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@ESR's blog

The following are responses to this comment of mine; my responses to them are added. --Woozle 22:02, 20 September 2010 (UTC)

kiba's objections

Geeks are not using their skill set to design centralized government but rather decentralize functions of the economy and government. Soon, there may be no printing press because paper money is seen as easily manipulated by single entities.

I'd argue that it's always better to have a tool (especially one which is designed to empower individuals in non-destructive ways) than not to have it.

Are you implying that the changes going on now in society and government are all part of some larger plan by which geeks are generally crafting a better tomorrow? I can agree that geeks are crafting a better, less-centralized tomorrow -- but:

(a) I think it would be better to have some idea of what to expect to happen as geek-initiated changes cause society (and government) to evolve, so you can tell if it's going wrong, and
(b) better yet would be to design a better system of government
(1) that is compatible with those changes and
(2) that will be sufficiently developed that we can start using it as the old system starts choking and coughing up its own blood (which I'd say is already happening).

A lot of what's happening now in government is pretty wrong (are we agreed on that?). If it's part of a plan, I want details -- why it's necessary to have this phase of increasing government secrecy, reduced rights in certain areas, constant warfare, and growing disparity between the richest and poorest members of society (just for starters), and when will it start to get better?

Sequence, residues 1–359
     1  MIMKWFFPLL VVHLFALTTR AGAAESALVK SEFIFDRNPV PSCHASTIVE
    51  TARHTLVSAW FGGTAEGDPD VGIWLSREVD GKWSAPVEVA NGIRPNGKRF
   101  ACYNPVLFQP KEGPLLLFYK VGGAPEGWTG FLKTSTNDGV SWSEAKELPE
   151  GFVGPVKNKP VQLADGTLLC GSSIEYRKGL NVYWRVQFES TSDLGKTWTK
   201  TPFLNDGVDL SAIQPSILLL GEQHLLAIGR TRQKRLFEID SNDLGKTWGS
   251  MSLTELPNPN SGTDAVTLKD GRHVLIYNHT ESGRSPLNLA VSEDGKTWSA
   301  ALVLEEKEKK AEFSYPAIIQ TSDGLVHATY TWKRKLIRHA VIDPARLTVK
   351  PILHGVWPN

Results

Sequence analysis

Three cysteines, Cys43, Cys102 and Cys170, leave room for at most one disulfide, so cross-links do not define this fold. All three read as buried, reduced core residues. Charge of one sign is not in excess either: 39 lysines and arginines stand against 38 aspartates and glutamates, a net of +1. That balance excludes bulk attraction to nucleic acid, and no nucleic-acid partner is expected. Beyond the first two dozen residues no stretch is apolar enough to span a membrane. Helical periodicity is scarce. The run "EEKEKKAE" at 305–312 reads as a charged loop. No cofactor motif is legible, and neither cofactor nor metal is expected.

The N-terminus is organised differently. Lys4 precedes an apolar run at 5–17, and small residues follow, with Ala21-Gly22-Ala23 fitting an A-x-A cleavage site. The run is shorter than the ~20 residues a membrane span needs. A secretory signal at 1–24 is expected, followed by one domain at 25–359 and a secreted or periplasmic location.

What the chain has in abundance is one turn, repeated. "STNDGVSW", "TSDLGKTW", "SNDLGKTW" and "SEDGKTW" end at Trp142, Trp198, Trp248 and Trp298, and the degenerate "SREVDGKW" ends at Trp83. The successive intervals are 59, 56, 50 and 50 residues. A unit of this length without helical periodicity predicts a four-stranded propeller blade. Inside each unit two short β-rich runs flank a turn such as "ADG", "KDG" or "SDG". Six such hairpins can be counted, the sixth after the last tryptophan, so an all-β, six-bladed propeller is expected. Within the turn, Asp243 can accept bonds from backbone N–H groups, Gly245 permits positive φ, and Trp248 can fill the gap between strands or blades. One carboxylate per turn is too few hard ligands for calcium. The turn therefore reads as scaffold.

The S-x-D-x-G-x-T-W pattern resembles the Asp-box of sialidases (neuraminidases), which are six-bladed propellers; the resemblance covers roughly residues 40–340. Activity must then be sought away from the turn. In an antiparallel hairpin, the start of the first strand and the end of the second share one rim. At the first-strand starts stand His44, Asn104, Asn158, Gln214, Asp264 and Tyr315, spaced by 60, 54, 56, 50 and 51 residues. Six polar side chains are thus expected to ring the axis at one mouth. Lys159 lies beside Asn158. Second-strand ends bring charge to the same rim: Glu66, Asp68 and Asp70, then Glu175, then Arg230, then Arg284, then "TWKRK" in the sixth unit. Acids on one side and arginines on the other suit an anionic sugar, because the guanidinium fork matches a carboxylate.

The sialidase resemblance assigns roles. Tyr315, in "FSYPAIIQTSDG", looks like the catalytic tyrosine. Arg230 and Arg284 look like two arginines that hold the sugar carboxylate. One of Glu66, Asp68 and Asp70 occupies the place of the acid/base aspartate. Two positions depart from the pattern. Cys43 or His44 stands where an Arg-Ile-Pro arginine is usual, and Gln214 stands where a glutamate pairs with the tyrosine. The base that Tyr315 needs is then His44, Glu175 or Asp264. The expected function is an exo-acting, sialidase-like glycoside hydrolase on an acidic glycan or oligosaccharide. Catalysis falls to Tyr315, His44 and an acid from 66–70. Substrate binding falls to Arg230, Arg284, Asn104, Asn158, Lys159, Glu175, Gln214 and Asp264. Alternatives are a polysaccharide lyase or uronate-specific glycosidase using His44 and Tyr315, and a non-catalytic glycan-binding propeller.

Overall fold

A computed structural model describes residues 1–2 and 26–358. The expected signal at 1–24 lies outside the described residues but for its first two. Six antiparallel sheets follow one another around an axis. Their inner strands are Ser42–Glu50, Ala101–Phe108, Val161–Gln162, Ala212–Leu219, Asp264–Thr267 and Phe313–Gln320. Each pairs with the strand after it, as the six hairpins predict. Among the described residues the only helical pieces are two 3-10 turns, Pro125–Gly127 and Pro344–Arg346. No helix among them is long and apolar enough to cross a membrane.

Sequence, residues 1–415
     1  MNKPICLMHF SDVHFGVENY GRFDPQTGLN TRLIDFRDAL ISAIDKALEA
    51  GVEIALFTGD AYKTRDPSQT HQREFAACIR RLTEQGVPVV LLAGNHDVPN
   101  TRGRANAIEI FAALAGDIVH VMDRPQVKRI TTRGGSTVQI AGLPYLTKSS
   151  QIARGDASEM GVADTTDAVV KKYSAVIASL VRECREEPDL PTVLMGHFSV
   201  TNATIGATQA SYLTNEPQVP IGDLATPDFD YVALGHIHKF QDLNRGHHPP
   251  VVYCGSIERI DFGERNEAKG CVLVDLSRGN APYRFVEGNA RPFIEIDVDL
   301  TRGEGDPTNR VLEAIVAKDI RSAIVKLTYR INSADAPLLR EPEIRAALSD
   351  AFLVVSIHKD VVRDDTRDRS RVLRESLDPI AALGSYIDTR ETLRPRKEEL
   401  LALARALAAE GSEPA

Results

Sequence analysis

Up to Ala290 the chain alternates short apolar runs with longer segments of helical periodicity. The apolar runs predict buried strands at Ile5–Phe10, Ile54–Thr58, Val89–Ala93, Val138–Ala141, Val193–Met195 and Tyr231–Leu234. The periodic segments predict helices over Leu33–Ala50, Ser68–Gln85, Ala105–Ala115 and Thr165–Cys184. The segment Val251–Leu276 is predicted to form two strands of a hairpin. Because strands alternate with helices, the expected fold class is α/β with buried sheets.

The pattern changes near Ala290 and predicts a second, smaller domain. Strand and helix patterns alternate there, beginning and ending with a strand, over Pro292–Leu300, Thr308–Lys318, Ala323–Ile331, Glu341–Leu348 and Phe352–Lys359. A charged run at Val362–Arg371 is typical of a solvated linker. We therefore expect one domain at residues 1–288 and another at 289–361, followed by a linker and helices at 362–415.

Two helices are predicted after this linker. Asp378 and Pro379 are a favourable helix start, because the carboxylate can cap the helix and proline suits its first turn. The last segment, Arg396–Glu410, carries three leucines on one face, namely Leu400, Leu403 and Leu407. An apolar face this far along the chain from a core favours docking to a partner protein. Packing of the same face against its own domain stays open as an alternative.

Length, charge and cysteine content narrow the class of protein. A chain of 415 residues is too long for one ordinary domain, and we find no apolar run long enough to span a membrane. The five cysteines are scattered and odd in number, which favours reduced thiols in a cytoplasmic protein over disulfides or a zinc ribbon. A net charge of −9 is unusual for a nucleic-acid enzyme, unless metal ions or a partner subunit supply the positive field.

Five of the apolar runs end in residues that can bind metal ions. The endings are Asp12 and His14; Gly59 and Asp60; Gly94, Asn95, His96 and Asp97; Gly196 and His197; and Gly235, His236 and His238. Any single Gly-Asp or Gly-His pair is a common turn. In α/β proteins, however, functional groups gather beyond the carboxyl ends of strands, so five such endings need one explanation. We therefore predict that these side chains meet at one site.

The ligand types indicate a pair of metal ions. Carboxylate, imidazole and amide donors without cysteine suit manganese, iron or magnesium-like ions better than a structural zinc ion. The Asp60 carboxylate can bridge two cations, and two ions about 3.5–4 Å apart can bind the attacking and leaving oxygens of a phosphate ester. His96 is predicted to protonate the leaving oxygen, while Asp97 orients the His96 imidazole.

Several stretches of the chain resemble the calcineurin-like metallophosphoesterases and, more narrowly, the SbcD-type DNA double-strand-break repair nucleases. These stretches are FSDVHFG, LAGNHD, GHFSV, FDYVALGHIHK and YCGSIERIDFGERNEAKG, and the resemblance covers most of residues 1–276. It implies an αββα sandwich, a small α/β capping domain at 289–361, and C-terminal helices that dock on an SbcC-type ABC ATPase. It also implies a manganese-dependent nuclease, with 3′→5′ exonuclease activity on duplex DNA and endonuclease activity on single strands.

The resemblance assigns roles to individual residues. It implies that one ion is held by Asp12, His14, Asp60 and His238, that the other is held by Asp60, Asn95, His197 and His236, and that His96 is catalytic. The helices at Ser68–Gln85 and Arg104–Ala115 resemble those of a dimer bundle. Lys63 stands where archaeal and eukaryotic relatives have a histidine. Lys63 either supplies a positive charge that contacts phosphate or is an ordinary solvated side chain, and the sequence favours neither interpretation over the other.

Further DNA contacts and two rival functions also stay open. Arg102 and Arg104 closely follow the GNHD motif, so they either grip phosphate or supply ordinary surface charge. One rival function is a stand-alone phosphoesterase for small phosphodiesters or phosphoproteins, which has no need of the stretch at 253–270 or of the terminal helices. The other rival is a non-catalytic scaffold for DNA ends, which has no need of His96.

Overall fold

If it's not part of a plan, then something needs to be done.

I don't see the case for just sitting back and letting things evolve, which is what you seem to be advocating.


I'm not sure what you mean by "economic calculation".

TMR's objections

Anybody who thinks they are smart enough to design the system has lost the battle already.

This implies that you believe a good system cannot be designed. The US founding fathers and I disagree with you.

It is an information problem. No matter how smart you are your decisions and your design are only as good as your information.

Yes, that is certainly a key consideration. Optimizing the distribution of information so that information which has been vetted by rational processes (e.g. peer review) moves faster than non-vetted information (rumors, slander, speculation, etc.) is in fact a key element in my design -- though probably one which could use further development. This will naturally occur with usage.

You wanted emergent design -- there's an opportunity for it right there, and there's plenty more; I've tried not to engrave anything in stone, and instead leave the system every opportunity to decide its own tweaks and improvements.

If you think it sucks, then either suggest an alternative or get out of the kitchen.

The design must be emergent. It must rely on dispersed decision making close to the information. It must allow for imperfect decisions and human failings.